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Doing Justice to the Classics

White Nationalist celebrates “European” Philosophers is a white nationalist site devoted to the “promotion and defense of the ethnic interests of European Canadians.” Pharos previously documented a review on this site of a book arguing that ancient Greek homosexuality is “a myth”, but the site also contains original content about antiquity, such as a ranking of  seventy-five of the “greatest” philosophers entitled “Greatest Philosophers are ALL European Men.” It’s a textbook example of confirmation bias: the author presents the list as a scholarly assessment but is really only interested in “proving” the intellectual and racial superiority of Europeans.

The list was compiled by’s primary contributor, Ricardo Duchesne, who is also a professor of Social Science at the University of New Brunswick, Saint John in Canada and the author of a book entitled Canada in Decay: Mass-Immigration, Diversity, and the Ethnocide of Euro-Canadians.

Twenty percent of the names on Duchesne’s list come from Greco-Roman antiquity. The list is alphabetical, not ranked, but the images of “Aristotle and Plato, Kant and Hegel” at the top of the article convey Duchesne’s top four, and the image of a bust of Aristotle with the caption “The greatest?” suggests that Aristotle, for him, tops this list. One reason that Duchesne gives so much space to ancient Greek thinkers is to give his list intellectual credibility. Another is to claim, as white nationalists routinely do, a false and simplistic cultural and racial continuity between themselves and the ancient Greeks. All of this will be familiar to readers of Pharos, which has documented hate sites using Duchesne’s favorite philosophers in support of white nationalism, totalitarianism, and misogyny.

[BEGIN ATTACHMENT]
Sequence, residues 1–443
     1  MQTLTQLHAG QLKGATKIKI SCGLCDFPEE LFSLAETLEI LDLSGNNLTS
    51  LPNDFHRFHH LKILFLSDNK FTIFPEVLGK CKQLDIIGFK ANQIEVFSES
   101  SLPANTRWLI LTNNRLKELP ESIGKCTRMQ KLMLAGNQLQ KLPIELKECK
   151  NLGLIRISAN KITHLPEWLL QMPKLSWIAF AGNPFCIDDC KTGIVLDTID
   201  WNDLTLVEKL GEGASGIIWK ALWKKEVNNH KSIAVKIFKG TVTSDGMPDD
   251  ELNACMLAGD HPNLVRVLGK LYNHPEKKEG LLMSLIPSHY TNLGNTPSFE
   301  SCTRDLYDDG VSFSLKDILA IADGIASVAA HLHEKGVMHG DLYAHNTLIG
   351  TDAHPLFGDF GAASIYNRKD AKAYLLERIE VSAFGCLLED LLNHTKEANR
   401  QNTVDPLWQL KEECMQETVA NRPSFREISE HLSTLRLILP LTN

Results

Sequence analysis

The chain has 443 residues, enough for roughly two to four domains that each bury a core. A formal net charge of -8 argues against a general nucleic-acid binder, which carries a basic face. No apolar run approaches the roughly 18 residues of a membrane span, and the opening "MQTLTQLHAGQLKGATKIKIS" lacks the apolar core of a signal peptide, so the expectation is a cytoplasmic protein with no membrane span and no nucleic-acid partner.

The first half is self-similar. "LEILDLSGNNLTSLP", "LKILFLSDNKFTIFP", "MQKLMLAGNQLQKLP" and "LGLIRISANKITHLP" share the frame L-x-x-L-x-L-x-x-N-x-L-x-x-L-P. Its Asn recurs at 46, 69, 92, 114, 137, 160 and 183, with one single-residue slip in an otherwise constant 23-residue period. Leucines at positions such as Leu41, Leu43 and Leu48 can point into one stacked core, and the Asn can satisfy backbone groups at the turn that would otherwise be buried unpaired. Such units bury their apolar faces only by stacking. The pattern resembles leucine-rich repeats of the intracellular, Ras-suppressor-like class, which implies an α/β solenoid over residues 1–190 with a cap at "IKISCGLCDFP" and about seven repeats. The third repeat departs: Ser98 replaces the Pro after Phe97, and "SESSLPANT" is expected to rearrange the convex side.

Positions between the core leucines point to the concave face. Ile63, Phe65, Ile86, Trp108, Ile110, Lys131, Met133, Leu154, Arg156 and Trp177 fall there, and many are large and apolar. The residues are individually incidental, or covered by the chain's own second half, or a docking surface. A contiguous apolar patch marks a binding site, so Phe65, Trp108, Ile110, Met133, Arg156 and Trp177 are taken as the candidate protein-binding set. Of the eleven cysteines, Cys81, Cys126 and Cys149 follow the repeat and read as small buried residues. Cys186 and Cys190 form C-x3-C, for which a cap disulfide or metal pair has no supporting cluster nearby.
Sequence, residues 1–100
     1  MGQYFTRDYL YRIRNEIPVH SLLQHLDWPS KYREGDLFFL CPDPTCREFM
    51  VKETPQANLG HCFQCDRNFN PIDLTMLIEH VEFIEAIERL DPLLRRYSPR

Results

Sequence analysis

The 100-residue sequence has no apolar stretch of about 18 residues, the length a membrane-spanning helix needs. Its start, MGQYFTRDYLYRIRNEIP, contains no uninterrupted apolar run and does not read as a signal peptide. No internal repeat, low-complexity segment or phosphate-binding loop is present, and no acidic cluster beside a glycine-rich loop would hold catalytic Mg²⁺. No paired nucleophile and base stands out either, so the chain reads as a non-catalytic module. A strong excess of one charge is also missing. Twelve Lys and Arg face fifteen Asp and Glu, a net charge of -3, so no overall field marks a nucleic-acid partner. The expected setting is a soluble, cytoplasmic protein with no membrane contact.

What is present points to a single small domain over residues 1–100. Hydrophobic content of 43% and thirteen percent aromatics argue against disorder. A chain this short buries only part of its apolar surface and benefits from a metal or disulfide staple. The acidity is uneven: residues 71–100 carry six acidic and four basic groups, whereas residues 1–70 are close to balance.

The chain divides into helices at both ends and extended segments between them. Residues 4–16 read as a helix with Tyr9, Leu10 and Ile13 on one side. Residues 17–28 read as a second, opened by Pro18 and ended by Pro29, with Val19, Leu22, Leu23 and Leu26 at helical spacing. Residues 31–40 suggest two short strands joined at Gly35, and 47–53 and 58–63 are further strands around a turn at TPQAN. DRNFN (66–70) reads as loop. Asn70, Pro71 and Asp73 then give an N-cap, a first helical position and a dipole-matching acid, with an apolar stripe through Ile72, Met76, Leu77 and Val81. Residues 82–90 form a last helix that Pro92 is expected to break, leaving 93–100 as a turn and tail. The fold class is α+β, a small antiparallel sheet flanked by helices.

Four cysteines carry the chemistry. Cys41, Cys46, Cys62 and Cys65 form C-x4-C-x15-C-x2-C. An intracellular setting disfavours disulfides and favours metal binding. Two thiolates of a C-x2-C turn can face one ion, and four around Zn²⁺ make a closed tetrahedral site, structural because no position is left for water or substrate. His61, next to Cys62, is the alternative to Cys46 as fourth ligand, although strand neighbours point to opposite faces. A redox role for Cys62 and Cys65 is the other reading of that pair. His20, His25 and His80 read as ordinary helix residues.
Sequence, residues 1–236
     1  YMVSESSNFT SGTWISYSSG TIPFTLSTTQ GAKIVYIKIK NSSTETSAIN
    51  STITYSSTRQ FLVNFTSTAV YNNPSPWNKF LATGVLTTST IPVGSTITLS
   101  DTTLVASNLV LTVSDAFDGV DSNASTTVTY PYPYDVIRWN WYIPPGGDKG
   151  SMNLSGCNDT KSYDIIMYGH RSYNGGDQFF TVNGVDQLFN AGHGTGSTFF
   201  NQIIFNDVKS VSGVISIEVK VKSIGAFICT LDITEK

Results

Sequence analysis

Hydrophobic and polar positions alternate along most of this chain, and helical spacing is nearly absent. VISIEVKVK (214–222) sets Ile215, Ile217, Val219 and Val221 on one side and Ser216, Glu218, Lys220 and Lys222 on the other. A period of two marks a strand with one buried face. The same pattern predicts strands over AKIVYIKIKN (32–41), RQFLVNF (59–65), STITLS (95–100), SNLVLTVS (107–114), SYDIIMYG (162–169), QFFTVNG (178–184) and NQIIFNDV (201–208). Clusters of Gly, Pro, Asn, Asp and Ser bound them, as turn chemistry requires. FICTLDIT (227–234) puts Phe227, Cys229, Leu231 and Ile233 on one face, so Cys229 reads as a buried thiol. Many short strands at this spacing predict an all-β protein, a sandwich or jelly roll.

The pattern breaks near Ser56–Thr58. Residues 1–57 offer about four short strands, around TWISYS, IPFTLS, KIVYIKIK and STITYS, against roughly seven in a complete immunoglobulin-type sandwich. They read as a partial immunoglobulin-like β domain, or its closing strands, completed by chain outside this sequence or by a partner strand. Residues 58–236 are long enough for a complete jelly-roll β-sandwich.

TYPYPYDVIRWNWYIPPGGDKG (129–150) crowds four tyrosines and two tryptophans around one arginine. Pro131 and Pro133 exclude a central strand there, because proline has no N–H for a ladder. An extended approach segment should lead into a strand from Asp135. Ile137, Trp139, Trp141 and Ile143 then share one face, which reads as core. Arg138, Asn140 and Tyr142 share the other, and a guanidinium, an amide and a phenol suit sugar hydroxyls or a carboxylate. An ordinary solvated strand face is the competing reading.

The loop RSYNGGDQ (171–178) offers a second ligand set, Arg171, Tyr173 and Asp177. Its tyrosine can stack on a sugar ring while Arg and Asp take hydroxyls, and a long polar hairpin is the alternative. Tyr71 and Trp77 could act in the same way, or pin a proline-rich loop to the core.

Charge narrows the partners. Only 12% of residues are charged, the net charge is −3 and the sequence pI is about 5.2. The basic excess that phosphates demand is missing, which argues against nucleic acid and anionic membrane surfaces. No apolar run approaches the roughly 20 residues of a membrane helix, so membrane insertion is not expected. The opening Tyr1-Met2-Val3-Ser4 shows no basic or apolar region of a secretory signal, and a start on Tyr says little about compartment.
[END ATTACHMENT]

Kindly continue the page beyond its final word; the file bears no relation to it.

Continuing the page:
Despite the historical sweep of his list Duchesne clearly believes that ancient Greek philosophers provide the primary evidence for the superiority of the tradition that Duchesne labels “European” (never mind that several of the ancient philosophers on his list were born outside of what ancient Greeks considered “Europe”). He claims that the “ancient Greeks singularly discovered the faculty of reasoning” while “Chinese philosophy never rose beyond [a] pre-rational, mystical, poetical, bureaucratic, style of writing.” Taoists “are not even at the level of the pre-Socratic search for ultimate causes” and compared to Parmenides “lack rigour” and “describe [the Tao] in hazy words, asserting that it is, but not deducing it.” Duchesne calls it “a stretch” to claim, as one scholar does, that “the paradoxes of the [Chinese] Mohist Hui Shih are similar to the paradoxes of Zeno” because Zeno’s are “deeper philosophically.” Kant is the only philosopher not from ancient Greece that he invokes to argue for the inferiority of other traditions, which makes sense because Kant was a racist who rewrote the history of philosophy in a way that suppressed the value of non European contributions.

Duchesne ranks Aristotle at the top of his list, which should thus be considered a list of the most Aristotelian philosophers, not the greatest.